As a new people leader, I remember the first time I was introduced to a direct report twice my age. All of a sudden, the resistance set in and I really believed I wasn’t a leader at all. How could I ever expect to get great team results and develop leaders on my team? I had to fall back on what I knew to be true, that leadership is not about me. Leadership is about those you serve and helping your team succeed through strategy and direction. You are only as strong as the product of your team. Everything outside of that is just hubris.
Developing your leaders
A couple of summers ago, I was invited to a course on coaching by one of my mentors. I was certainly skeptical as I walked in considering my preconceived notions of a coach. My assumption was a blend between a high school basketball coach and someone’s spiritual adviser. The truth is, coaching helps uncover strengths, define intentions, and refine actions to achieve the goal at hand. It leaves the leader unattached to the outcomes associated, allowing the conversation to be free of any agenda. Routinely considered “the client” in coaching circles, we’ll simply call the person receiving coaching, your leader. Following the introduction below will help you elicit leader generated solutions and strategies that drive team collaboration. You can then hold your leaders responsible and accountable through actionable steps derived from the conversation.
Here’s the objectives of your coaching session
- Build relationships in a professional environment
- Build functional teams
- Elevate members of your team to higher leadership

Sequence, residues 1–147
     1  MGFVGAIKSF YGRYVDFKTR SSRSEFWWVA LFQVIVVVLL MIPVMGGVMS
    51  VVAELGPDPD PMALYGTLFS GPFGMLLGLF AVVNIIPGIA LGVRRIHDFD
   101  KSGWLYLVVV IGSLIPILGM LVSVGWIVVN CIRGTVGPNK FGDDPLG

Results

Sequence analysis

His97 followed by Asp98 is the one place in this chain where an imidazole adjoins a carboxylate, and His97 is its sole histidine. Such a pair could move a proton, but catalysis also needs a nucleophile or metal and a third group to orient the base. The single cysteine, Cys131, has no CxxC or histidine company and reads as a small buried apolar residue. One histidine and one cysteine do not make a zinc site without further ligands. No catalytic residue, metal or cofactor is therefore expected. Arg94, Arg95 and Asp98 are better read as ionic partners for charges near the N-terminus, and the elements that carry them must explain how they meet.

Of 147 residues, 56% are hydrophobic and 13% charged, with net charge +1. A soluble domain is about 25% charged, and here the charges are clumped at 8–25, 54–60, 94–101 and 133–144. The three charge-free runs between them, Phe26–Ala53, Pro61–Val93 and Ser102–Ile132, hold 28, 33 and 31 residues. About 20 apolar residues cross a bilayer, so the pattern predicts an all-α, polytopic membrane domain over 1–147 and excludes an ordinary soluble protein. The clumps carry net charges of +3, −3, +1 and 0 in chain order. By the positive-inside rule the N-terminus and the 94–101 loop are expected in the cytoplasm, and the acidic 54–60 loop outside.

- Improve team interactions
- Uncover strengths
What outcome can you expect from reading this
After reading this article, you’ll be able to:
- Distinguish the skills needed for coaching
- Develop the foundational knowledge required to coach
Coaching is just an approach, but you are the real value in the relationship. It’s important to begin your transition from “me” focused. Our first intention is always to refer back to what you know best, your own experience. The problem is, our leaders relate best to someone else, themselves. If you really want to have impact, it’s important to focus your team member and their needs. Only then will uncover their strengths and begin to uncover what your leader wants to achieve. That is when you will find engagement.
There are three formal coaching relationships:
- Formal (short or long)
- Situational (peer to peer or superior)
- Informal (conversational)
These relationships can be molded to fit your situation. Focus on your approach to these conversations and you’ll find it makes the entire process much easier. Set the stage early and both parties will have a clear understanding on the desired outcome. As you think through your team and the leaders you are trying to develop, frame the coaching relationship to best suit their style. The conversation will only be productive if it is received well.
There are four kinds of behavior that account for 89 percent of leadership effectiveness. Leaders who are supportive, operate with strong results orientation, seek different perspectives, and solve problems effectively. When evaluating your own leadership, consider each of these behaviors. Utilizing them may aid in your conversations success. In accordance with those behaviors, there are four key strategies to think about when considering your conversations.
- Discover what the person wants to achieve
- Encourage self discovery
- Elicit self generated solutions and strategies
Each of these four strategies will be imperative to the outcome of your conversation, ultimately challenging, motivating and inspiring your leaders.
As you are thinking about setting up these conversations, take a look at the best way to set up and have the coaching conversations.